If a YA book features a white, female protagonist (and this accounts for a not insignificant portion of YA released each year), it seems inevitable that the book cover will display an idealized and airbrushed masterpiece of her on the cover. And when a YA book actually does have a protagonist of color, too often one of three things seems to happen:
1. The cover is “whitewashed” and shows a Caucasian model instead of a person of color;
2. The cover depicts someone whose race seems purposefully ambiguous or difficult to discern; or
3. The character is shown in silhouette
These forms of racism on the part of publishers are unacceptable. And the fact that it is so rampant within the young adult publishing industry seems particularly despicable. The first step toward change is awareness, and so below I’ve tried to pull together a collection of examples of these forms of subtle and not-so-subtle racism. — It Matters If You’re Black or White: The Racism of YA Book Covers | The Hub
(via L.A. Food Culture Offers a Glimpse Into ‘The New America’ - COLORLINES)
Think American cuts of meat—pork rib tips, beef short ribs, tri-tip, quartered chicken—smoke-roasted after they’ve been marinated with classic Filipino combinations of garlic, onions and peppers. Bautista and his friends opened their doors last January as a way of giving back. Making barbecue saved them from the streets, so the story goes, and they want to be a positive hub for the community’s youth now.
The food is as noble and down-to-earth as their mission. In the tradition of Filipino home-cooking, there are bottles of a vinegar-based sawsawam sauce and tomato-based coconut pineapple barbecue sauce on every table. You can douse your meat in these flavors then soak up the remaining sauce with cornbread bibingka, a soul food take on the steamed Filipino rice cake.
“There’s really no fusion about it,” says Bautista, who was born and bred in L.A. “When it comes down to it, all of us here, we’re American to the bone. These are the flavors we grew up with.”
The Cherokee Nation’s Baby Girl Goes on Trial - COLORLINES -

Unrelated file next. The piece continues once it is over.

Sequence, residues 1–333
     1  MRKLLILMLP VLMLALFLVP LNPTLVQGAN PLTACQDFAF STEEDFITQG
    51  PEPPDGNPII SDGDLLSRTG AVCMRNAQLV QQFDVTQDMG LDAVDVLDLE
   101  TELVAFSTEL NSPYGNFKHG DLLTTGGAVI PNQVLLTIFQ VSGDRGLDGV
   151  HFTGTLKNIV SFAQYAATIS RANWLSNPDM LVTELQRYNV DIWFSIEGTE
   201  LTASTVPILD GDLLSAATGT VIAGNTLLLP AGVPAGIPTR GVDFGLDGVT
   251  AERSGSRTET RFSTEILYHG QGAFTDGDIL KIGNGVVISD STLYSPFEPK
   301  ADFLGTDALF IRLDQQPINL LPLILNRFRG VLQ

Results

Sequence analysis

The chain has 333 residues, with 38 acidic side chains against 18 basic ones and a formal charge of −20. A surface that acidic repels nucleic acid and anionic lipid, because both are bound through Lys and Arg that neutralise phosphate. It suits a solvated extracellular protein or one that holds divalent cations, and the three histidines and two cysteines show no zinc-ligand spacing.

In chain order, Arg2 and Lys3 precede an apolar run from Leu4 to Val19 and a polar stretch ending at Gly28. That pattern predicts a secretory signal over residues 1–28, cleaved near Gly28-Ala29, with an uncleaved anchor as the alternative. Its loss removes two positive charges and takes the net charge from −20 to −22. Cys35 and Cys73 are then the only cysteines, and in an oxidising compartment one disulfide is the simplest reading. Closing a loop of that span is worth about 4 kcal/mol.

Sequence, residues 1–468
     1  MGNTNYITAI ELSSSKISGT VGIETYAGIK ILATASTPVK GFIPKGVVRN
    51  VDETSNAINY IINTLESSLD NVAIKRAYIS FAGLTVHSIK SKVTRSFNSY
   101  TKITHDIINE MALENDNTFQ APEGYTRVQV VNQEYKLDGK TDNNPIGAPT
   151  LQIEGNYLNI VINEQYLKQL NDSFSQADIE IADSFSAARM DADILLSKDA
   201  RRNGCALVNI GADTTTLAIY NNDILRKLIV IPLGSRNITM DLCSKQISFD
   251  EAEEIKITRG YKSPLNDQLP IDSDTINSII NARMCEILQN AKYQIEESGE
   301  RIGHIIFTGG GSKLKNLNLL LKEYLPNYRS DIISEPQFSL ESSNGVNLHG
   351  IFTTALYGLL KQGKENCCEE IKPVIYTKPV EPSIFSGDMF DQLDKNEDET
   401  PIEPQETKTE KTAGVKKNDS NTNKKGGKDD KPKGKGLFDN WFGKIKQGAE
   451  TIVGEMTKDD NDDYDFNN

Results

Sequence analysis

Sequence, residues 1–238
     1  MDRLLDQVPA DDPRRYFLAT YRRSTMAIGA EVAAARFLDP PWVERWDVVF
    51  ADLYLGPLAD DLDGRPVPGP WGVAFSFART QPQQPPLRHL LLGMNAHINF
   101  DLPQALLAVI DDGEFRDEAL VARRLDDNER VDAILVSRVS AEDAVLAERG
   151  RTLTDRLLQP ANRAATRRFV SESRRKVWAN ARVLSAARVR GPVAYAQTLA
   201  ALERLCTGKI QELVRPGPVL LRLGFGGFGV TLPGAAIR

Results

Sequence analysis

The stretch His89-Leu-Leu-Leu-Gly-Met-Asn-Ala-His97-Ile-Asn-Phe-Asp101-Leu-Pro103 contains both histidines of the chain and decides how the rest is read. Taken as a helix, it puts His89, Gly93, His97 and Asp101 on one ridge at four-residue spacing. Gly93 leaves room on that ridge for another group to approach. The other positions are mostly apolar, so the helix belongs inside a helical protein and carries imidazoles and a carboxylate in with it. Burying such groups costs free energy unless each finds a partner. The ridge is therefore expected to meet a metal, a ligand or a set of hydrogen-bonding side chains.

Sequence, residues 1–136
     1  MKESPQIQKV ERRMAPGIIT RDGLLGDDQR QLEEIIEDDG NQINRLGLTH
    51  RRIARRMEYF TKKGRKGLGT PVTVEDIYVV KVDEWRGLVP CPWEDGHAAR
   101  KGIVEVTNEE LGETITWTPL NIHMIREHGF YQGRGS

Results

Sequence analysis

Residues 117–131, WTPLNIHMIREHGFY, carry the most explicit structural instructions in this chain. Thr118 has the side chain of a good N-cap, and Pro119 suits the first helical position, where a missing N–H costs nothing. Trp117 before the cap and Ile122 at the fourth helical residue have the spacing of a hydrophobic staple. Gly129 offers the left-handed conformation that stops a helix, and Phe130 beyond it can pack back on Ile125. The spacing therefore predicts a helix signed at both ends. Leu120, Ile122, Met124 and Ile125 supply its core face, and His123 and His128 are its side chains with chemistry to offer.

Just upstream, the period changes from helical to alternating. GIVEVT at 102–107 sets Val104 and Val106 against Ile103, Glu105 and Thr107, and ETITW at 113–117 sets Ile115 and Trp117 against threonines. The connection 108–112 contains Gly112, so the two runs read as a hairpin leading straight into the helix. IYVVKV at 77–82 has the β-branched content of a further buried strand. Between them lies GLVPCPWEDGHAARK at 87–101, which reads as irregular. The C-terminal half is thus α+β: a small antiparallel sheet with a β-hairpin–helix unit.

The [Indian Child Welfare Act] makes clear a crucial distinction: State courts lack jurisdiction over the adoption of Native children. It recognizes instead that tribal governments hold that jurisdiction, and are best suited to decide Native children’s adoption, regardless of whether the child in question is born on or off reservation land. ICWA has been challenged unsuccessfully in the past 35 years, but a ruling that denies Brown’s parental rights in this case could signal the start of the historic law’s dismantling.
Malinda Lo: What's your favorite YA novel about the Asian American experience? -
May is Asian Pacific American Heritage Month, and to celebrate, we at Diversity in YA are going to be featuring some Asian American YA authors and books. But we’d also like to invite you to participate! Do you have a favorite YA novel about the Asian American experience?…
Hmmm… let me think on that one.
If you spend your time raging at the weakest arguments, or your most hysterical opponents, expect your own intellect to suffer. The intellect is a muscle; it must be exercised. — How to Be a Political-Opinion Journalist - Ta-Nehisi Coates - The Atlantic
Reading List - The Ghetto Is Public Policy - Ta-Nehisi Coates - The Atlantic -
For the past few months I’ve been exploring the wealth gap through New Deal-era policy with a particular focus on housing.
…For those keeping count, the current exploration involves the following books:
1.) Isabel Wilkerson, The Warmth of Other Suns
2.) Tom Sugrue, Sweet Land of Liberty
3.) Arnold Hirsch, Making the Second Ghetto
4.) Beryl Satter, Family Properties
5.) Antony Beevor, The Second World War (I didn’t feel like I could really understand New Deal policy without understanding World War II)
6.) Ira Katznelson, Fear Itself
7.) Douglass Massey and Nancy Denton, American Apartheid (just started on the plane out here)
For those new to this I would start with Wilkerson’s book. And I’d add two more that I read a few years back: Thomas Sugrue’s The Origins of the Urban Crisis, and Ira Katznelson’s When Affirmative Action Was White.
Never be deceived that that rich will allow you to vote their wealth away. —
—Lucy Parsons, the Haymarket Square widow who internationalized the struggle for the eight-hour day and whose work led to the May Day rallies held around the world. Happy May Day!
Check this out for more on the Haymarket Martyrs, the origins of May Day, and Lucy Parsons: Lucy Parsons: An American Revolutionary(via thepeoplesrecord)
June Bookswap is pride-themed!
Special guests: MICHELLE TEA & ALI LIEBGOTT
Michelle Tea is the author of four memoirs, a novel, a book of poetry and the young adult fantasy tale, A Mermaid in Chelsea Creek new from McSweeney’s. She has edited anthologies about class, fashion and literature, and is Editor of the City Lights/Sister Spit series. Michelle is founder and Executive Director of RADAR Productions, a literary non-profit that oversees the Sister Spit international performance tours, the monthly RADAR Reading Series in San Francisco, the annual Radar LAB Retreat, and other programs.
Ali Liebegott is the author of the award-winning books The Beautifully Worthless and The IHOP Papers. In 2010 she took a train trip across America interviewing female poets for a project titled, The Heart Has Many Doors; excerpts from these interviews are posted monthly on The Believer Logger. Along with a reprint of her road classic The Beautifully Worthless, her newest novel Cha-Ching! is the latest release from City Lights/Sister Spit. In addition, she is the founding editor at Writers Among Artists whose first publication, Faggot Dinosaur, was released in 2012.